New Leeds Rhinos skipper McGuire vows ‘to do it my way’

Darts players Peter Wright and Robert Thornton with the Premier League Darts trophy and Zak Hardaker and Danny McGuire with the Super League trophy both of which kick off in Leeds tonight.
Darts players Peter Wright and Robert Thornton with the Premier League Darts trophy and Zak Hardaker and Danny McGuire with the Super League trophy both of which kick off in Leeds tonight.
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SKIPPER Danny McGuire admits he will have to rein himself in as a new era begins for Leeds Rhinos.

McGuire will lead Rhinos out as permanent captain for the first time tonight when they open the Super League season at home to Warrington Wolves.

The 33-year-old has taken over from Kevin Sinfield – who held the role for 13 seasons – and knows he will have to modify some of his behaviour on the field.

“As a half-back you are almost a captain anyway,” McGuire said. “I am quite bossy and I am used to bossing the lads about, but I realise I have got a bit more responsibility.

“I will have to be a bit calmer at times, but that is my personality. I play with quite a bit of passion and I am proud to play for this club, but I also realise I might have to rein it in at times.

“I am not going to change too much, just enjoy it. I have got plenty of players around me who are experienced and understand it, so I will be getting a lot of help along the way.”

McGuire admitted he does sometimes get carried away in the heat of battle.

“I am competitive and I want to win,” he stressed. “I want our team to win all the time and sometimes you get a bit carried away with things.

“I realise now I have probably got to set a bit more of an example around the lads; I can’t be losing my head as much.

“But I am not going to try and change too much, just do my role in the team. Everyone has got their own way of going about things.

“I am going to try and do it my way, realising I have picked up a lot of great things that Kev has done along the way.”

McGuire added: “I don’t feel too much pressure. There’s pressure every time you pull the shirt on at Leeds, so whether you are captain or not I don’t think it makes much difference.

“There’s pressure to perform every week, especially when Mac [coach Brian McDermott is breathing down your neck].

“I am more excited than anything. There’s a bit more responsibility this year, but nothing I can’t handle.”

McGuire supported Rhinos as a youngster and admitted tonight will be a proud occasion.

“It is a real privilege to be able to captain the club, especially being a local lad,” he said.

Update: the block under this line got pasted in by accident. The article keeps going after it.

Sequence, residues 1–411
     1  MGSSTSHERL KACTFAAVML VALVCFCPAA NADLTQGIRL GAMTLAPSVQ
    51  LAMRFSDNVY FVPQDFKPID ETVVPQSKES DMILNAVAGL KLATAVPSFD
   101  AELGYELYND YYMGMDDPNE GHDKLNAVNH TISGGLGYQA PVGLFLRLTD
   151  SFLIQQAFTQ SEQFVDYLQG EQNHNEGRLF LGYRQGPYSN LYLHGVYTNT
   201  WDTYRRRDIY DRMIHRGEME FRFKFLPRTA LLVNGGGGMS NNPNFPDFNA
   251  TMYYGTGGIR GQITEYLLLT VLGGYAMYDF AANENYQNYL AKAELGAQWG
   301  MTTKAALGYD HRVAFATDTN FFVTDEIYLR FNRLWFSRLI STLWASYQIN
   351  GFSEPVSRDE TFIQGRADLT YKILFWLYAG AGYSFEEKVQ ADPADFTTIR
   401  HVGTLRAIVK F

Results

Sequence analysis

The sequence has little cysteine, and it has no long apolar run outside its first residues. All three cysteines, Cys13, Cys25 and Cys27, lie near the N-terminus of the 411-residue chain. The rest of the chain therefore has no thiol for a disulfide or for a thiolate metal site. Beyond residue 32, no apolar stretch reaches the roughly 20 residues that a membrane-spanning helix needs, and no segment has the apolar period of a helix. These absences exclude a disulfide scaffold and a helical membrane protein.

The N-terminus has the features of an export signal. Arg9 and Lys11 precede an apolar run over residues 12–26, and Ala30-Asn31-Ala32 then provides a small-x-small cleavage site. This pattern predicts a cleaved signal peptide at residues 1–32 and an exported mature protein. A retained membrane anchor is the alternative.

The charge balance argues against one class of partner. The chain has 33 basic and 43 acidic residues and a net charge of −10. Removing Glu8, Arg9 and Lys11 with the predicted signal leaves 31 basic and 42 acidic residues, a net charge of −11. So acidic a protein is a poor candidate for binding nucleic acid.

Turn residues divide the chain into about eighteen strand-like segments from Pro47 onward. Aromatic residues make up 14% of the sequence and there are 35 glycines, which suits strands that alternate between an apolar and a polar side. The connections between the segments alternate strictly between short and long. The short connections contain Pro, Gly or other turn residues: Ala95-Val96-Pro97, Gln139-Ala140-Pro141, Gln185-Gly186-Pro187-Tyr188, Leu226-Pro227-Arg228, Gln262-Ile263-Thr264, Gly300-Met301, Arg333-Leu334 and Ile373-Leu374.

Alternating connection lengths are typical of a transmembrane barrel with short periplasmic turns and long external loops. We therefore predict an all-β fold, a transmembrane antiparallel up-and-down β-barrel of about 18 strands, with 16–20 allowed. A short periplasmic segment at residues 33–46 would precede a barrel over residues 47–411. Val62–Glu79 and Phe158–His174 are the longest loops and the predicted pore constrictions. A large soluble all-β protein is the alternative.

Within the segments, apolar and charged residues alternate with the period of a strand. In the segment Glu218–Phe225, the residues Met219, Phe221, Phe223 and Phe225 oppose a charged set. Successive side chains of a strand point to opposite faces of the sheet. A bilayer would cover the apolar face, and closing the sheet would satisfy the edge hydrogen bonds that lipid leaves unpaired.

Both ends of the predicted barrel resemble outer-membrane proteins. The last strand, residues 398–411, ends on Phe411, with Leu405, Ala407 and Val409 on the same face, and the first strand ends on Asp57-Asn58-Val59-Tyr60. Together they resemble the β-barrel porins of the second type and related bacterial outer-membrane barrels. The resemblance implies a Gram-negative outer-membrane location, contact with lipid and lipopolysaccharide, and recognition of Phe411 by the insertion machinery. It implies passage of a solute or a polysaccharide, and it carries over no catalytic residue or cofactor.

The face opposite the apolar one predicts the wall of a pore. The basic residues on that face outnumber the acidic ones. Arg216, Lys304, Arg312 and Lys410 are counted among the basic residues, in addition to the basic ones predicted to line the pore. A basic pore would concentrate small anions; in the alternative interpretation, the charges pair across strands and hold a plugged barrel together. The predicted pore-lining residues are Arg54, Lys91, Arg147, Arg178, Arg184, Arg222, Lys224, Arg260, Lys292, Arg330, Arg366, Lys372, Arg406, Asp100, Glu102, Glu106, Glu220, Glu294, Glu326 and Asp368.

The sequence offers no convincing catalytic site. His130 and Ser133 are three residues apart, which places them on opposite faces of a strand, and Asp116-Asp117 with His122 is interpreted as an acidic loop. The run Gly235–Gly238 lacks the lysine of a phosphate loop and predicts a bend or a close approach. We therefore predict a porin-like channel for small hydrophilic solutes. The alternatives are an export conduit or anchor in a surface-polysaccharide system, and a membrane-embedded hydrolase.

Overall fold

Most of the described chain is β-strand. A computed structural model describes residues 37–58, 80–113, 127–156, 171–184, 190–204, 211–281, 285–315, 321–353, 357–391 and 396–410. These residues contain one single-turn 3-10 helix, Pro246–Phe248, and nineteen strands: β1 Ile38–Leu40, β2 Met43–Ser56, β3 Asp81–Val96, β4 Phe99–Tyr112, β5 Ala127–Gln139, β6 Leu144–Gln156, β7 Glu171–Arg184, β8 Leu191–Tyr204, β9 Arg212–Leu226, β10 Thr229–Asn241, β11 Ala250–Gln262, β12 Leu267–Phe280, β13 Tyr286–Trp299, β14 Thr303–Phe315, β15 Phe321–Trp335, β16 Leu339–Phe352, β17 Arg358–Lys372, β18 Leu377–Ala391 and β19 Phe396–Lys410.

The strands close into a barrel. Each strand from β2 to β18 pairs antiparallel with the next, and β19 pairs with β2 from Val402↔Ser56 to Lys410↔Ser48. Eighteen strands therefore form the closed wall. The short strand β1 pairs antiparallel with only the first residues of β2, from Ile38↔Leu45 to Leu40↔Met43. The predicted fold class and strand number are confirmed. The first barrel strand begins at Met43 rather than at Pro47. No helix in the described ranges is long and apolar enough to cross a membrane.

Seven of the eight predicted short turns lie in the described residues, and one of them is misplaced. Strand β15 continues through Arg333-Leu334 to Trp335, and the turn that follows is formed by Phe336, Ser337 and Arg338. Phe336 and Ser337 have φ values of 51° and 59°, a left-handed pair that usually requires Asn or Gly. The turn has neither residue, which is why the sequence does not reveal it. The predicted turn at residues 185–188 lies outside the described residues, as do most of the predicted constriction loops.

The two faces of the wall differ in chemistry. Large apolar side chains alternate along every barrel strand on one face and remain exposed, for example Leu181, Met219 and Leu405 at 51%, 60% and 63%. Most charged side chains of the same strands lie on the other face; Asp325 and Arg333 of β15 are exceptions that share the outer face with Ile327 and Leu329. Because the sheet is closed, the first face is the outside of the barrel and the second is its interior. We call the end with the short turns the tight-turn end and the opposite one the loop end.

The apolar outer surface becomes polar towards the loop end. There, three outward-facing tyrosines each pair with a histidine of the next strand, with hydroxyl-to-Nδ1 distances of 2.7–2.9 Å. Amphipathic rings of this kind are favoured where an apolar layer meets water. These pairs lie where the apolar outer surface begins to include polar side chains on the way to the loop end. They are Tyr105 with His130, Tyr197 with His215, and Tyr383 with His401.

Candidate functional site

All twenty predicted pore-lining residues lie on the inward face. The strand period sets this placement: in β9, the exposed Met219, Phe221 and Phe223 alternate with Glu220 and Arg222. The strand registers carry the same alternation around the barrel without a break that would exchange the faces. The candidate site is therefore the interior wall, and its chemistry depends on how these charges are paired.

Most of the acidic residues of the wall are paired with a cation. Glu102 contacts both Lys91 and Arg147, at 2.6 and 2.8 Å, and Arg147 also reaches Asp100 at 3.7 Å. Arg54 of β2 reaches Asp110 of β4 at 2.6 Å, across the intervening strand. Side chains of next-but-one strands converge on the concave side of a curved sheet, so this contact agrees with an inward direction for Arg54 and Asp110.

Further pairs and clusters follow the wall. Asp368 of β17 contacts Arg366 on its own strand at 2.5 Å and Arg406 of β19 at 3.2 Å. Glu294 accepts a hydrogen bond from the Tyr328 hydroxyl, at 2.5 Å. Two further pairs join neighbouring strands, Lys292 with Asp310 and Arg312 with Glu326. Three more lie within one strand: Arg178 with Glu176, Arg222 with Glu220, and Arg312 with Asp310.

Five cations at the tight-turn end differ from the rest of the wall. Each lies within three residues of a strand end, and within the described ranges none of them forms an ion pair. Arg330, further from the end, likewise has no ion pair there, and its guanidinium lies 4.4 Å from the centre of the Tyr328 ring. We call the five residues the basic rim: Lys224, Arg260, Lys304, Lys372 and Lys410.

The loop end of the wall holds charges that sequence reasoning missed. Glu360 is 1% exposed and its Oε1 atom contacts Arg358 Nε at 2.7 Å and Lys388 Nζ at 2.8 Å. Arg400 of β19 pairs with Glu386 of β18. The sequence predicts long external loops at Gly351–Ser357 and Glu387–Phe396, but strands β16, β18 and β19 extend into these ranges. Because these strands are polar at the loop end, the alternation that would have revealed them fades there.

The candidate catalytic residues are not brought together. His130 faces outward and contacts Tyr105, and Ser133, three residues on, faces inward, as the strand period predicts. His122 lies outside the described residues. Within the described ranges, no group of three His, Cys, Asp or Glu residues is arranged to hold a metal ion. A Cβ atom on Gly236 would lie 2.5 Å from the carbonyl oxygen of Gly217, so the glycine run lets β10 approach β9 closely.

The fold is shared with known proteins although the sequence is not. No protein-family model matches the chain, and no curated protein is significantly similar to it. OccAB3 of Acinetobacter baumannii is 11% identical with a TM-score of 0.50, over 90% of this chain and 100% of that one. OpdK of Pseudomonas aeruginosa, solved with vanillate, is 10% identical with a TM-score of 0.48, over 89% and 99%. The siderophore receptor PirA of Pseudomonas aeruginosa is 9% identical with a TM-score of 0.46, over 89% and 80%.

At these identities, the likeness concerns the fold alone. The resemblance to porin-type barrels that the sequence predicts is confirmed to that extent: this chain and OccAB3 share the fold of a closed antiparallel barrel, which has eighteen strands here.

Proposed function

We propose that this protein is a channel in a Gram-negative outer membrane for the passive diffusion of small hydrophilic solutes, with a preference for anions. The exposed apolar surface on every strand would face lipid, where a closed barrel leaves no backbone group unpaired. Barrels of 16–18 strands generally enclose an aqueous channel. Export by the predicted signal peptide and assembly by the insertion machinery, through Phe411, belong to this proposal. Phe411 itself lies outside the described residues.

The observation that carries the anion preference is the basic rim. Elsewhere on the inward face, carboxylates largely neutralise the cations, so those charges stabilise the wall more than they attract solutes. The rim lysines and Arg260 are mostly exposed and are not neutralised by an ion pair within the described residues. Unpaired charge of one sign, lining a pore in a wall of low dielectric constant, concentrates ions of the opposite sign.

“It is a massive honour and I am in a privileged position to be able to lead the lads out. I am following big footsteps, with what Kev did and achieved for the club.

“I am going to do it my way and hopefully it will be another successful year.”

Rhinos won every available honour in 2015, but McGuire insisted they have to improve to be among the contenders this season.

“It was only in the last second at Huddersfield that we managed to get the league leaders’ shield and we only won the Grand Final by two points,” he pointed out.

“They are fine margins – it could have gone the other way and we might have only won one trophy.

“We realise the competition is going to be tougher this year and we need to improve. We can’t stay where we are.

“We have talked about that all pre-season. We can’t be happy with what we did last year, we have to try and improve again and that’s something we are all working hard to try and do.”

Elsewhere, Warrington’s Australian half-back Chris Sandow admits he will have a point to prove tonight.

Sandow endured a nightmare start to his Super League career when his new club crashed to a 49-10 defeat at Leeds in the opening match of the Super 8s last August and he came in for much criticism as the Wolves went on to drag themselves over the finishing line in sixth place.

“It was tough but that was last year,” Sandow said. “People have their opinion on players and I had my fair share (of criticism). It was just hard coming into a great club like Warrington halfway through the season and trying to play to your ability.

“I didn’t know their footie style and stuff like that but they know how I play now. I feel a lot different.

“I’ve got an off season under my belt with the boys and I feel a lot different and a bit more comfortable.”

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